What is it about taking photos that I love so much? I've thought about it, and I can't tell you for sure. I went to a convention in Greensboro, North Carolina, last Thursday, Friday, and Saturday. I'd left my camera at the hotel on Day 1, and that was fine. I was absorbing the scene and a headful of information. On Friday I brought my camera. I'd been taking photos all morning from my bleacher seat, and had gone out for a bit. On the way back in, I passed Lisa, who said, "You look HAPPY!" I realized I was grinning from ear to ear and feeling almost ecstatic. I don't think it was simply the up mood of the convention, because I was clearly feeling different than I had on Thursday. I was holding the camera. I'd been taking photos. What is it?
I LOVE it. I love writing, I love art, I love a lot of things, but taking pictures simply makes me happy. Some people say that when you're taking pictures, you're avoiding the experience of the moment or avoiding connection with people around you. Maybe. And I realize I'm more visual than social. When I look at something with a camera in hand, I see more. And I see differently. Even when I don't have a camera in hand, I'm usually looking for the invisible frame. The frozen moment of shape and color. Again, I see more, not less, I think.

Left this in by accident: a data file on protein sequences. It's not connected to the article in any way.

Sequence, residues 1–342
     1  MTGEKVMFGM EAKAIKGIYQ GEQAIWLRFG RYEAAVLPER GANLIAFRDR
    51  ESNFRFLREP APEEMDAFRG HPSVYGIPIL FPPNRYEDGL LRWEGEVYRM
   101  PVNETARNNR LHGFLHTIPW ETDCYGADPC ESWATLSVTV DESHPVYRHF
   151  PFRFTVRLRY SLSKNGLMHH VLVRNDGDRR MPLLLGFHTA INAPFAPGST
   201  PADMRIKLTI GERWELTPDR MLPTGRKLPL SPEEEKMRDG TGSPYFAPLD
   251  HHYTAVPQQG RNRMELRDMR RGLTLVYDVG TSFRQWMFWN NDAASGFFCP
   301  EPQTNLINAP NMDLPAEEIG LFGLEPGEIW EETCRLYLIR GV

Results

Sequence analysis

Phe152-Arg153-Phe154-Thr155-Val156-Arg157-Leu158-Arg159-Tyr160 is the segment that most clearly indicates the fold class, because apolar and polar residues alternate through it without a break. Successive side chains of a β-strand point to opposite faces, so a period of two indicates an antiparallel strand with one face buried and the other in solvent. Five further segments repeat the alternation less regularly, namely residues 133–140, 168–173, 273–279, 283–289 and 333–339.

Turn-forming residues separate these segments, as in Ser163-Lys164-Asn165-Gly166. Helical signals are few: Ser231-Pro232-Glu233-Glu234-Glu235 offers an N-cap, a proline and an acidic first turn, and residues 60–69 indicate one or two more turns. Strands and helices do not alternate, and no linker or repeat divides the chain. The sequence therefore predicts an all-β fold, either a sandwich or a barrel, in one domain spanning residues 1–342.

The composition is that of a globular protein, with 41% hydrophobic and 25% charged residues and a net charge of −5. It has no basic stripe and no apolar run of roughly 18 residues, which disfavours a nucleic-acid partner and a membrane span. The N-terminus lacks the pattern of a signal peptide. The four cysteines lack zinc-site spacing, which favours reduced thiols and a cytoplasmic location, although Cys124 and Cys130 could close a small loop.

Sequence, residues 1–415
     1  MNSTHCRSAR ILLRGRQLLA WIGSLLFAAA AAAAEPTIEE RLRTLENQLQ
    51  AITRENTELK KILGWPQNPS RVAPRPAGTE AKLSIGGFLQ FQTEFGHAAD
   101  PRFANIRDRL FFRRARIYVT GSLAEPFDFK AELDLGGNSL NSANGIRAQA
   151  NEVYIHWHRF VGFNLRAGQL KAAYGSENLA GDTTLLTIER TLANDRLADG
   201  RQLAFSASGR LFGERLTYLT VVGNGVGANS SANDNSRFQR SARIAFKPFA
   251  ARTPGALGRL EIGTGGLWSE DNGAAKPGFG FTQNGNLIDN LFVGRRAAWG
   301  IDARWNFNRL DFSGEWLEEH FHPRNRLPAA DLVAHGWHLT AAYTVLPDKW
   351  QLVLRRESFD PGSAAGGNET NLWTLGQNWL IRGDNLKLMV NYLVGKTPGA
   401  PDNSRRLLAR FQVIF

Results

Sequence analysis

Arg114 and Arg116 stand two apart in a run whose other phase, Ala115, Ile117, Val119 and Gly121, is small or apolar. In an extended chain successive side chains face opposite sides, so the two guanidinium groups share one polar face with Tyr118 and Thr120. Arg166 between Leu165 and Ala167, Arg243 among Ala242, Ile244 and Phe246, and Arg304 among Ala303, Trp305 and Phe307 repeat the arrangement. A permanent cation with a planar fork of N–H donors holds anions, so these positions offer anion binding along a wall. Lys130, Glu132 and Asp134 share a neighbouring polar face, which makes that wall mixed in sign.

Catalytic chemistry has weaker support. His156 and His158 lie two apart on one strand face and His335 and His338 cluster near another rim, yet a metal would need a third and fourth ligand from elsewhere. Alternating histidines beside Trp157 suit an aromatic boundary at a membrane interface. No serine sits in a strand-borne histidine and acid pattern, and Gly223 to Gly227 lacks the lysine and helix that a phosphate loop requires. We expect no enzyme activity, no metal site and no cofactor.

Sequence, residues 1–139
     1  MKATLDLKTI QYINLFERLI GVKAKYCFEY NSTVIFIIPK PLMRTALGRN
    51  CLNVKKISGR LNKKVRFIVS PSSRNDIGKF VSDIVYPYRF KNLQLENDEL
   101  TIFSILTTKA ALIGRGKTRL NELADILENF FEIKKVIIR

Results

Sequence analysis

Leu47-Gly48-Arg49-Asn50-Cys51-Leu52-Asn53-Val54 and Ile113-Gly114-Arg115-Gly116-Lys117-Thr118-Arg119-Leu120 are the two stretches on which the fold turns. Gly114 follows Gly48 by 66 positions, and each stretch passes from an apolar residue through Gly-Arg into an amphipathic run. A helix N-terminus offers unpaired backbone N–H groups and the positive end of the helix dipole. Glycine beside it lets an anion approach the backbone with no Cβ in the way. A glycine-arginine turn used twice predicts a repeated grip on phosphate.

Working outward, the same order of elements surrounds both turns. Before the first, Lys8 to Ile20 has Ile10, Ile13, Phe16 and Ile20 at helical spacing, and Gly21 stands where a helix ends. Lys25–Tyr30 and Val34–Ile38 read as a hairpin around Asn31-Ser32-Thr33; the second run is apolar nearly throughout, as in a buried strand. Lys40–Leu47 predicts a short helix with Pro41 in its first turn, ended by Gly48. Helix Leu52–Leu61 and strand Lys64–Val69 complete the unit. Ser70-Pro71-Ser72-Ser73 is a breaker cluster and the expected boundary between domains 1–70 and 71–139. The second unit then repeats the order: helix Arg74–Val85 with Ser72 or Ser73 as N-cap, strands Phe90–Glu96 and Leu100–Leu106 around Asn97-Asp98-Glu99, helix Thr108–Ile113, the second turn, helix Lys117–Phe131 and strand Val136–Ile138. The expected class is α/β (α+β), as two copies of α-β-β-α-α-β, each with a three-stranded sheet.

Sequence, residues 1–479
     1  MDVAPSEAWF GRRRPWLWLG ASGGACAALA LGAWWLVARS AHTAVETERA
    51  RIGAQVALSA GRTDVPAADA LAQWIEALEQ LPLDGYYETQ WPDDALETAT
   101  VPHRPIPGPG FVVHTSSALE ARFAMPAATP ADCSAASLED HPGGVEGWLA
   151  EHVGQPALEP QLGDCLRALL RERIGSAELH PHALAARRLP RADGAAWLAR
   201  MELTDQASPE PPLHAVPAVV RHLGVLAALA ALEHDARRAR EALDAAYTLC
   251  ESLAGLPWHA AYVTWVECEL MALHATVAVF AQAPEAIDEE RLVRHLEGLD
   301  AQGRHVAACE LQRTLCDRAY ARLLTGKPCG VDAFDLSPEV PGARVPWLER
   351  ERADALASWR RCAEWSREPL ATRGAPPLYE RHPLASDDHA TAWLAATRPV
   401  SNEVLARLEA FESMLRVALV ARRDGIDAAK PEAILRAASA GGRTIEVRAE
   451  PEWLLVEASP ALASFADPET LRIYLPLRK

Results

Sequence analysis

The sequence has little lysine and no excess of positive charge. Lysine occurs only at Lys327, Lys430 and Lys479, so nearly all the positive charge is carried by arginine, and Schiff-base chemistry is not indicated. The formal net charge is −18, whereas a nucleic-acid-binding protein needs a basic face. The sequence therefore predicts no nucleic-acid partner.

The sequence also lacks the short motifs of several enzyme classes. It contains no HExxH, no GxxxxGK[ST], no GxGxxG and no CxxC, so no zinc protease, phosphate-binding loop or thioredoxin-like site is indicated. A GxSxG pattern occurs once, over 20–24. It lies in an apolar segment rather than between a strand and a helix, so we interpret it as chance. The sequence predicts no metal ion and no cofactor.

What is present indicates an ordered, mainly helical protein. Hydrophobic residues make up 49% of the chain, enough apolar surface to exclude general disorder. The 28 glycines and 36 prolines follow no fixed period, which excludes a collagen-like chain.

And perhaps it's the sense that the moment can be re-lived. Or the image can be re-lived. Maybe the image is, often times, even stronger than the moment. It should go without staying that there are many moments that fall outside this scenario, such as moments between two people, and on and on, but there is something magical about crawling back inside a slide with a loop, or these days, more often inside a bunch of pixels on the hard drive.
I am not a great photographer, although I often think I'd like to learn. But I don't pursue it. It's not about that kind of professional-quality accomplishment. Images conjure atmospheres. And atmospheres, such as immersion in a theatre piece, or stepping into a centuries-old cathedral, connect with deep emotions. I guess we each have ways in which we plug into a well of satisfaction within ourselves, and images are one of the primary things that do this for me. They inform a connection to something desirable and not quite tangible. Maybe it's that simple.